In the first place, your presentataion set out certain general and comprehensive objections to the form and substance of the printed draft. These had their genesis in your somewhat natural conclusion, upon your examination of the schedules in the printed volume, that the rights of diversion there stated could never be used upon any lands except certain areas therein specified, to-wit: the lands (described in the schedule) upon which water had beneficially been applied in acquiring said rights. In this regard your attention was directed to the so-called general provisions of the proposed decree which, among other things, in paragraph XV on page 174 provides "that any of the parties to whom rights to water have been decreed herein shall be entitled, in accord with applicable laws and legal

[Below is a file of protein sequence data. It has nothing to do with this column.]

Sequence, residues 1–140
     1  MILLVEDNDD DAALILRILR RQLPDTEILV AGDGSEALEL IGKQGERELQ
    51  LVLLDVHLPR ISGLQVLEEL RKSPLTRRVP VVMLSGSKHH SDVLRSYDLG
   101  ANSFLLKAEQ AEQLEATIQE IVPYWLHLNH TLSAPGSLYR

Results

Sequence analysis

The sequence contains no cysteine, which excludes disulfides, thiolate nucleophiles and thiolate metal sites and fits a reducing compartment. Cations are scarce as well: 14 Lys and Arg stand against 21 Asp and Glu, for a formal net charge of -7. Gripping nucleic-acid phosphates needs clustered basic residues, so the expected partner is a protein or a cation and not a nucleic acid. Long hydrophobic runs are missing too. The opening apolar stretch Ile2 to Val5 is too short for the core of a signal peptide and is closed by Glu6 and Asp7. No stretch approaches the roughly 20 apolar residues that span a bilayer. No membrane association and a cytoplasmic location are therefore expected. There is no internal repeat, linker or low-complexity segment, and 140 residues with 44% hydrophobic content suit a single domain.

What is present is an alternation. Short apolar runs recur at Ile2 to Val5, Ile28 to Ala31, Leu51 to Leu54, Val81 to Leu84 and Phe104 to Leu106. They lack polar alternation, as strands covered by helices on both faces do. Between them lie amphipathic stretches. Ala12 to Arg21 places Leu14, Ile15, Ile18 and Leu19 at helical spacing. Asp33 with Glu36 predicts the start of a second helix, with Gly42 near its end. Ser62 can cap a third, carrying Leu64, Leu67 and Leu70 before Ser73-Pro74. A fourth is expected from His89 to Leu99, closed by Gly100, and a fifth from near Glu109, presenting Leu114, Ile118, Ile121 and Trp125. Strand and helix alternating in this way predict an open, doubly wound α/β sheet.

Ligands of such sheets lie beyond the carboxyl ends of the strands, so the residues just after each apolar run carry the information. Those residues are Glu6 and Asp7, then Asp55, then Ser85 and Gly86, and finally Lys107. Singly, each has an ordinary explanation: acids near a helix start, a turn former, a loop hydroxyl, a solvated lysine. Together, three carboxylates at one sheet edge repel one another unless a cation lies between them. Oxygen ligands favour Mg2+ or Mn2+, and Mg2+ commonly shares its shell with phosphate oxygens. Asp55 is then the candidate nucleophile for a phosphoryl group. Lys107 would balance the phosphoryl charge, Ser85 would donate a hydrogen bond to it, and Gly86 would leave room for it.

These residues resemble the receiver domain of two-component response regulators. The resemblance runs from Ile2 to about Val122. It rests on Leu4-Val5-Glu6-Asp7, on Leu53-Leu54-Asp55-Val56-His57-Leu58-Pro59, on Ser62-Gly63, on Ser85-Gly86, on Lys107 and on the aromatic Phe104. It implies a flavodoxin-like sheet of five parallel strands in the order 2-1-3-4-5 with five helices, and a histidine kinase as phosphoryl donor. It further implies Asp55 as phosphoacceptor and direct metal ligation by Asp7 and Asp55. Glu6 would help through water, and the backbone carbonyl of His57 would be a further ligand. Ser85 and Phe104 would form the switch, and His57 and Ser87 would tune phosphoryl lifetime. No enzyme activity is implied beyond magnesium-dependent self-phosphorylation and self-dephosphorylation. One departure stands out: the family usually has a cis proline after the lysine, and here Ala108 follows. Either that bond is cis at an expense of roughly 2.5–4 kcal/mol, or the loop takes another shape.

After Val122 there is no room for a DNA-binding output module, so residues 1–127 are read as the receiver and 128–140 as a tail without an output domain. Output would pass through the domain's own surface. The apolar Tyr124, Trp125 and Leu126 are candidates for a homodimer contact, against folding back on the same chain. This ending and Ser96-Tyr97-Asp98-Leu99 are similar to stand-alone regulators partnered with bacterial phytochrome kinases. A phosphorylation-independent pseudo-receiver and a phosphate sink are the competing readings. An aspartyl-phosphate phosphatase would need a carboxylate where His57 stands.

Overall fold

Government Exhibit N , PENGAD-Bayonne, N.J. [adhesive label on this copy, presumably from 1990]

[Second page - document was photocopied with the top folded back, so heading and page number are obscured on most pages]

principles, to change the point of diversion and the place, means, manner of purpose of the use of the waters to which they are so entitled or of any part thereof, so far as they may do so without injury to the rights of other parties as the same are defined herein." I explained the purposes I sought to accomplish in this provision, and you and I considered the question anew with some care. We came to the conclusion that the suggested decree, as thus amplified, adequately took care of the matter you had in mind.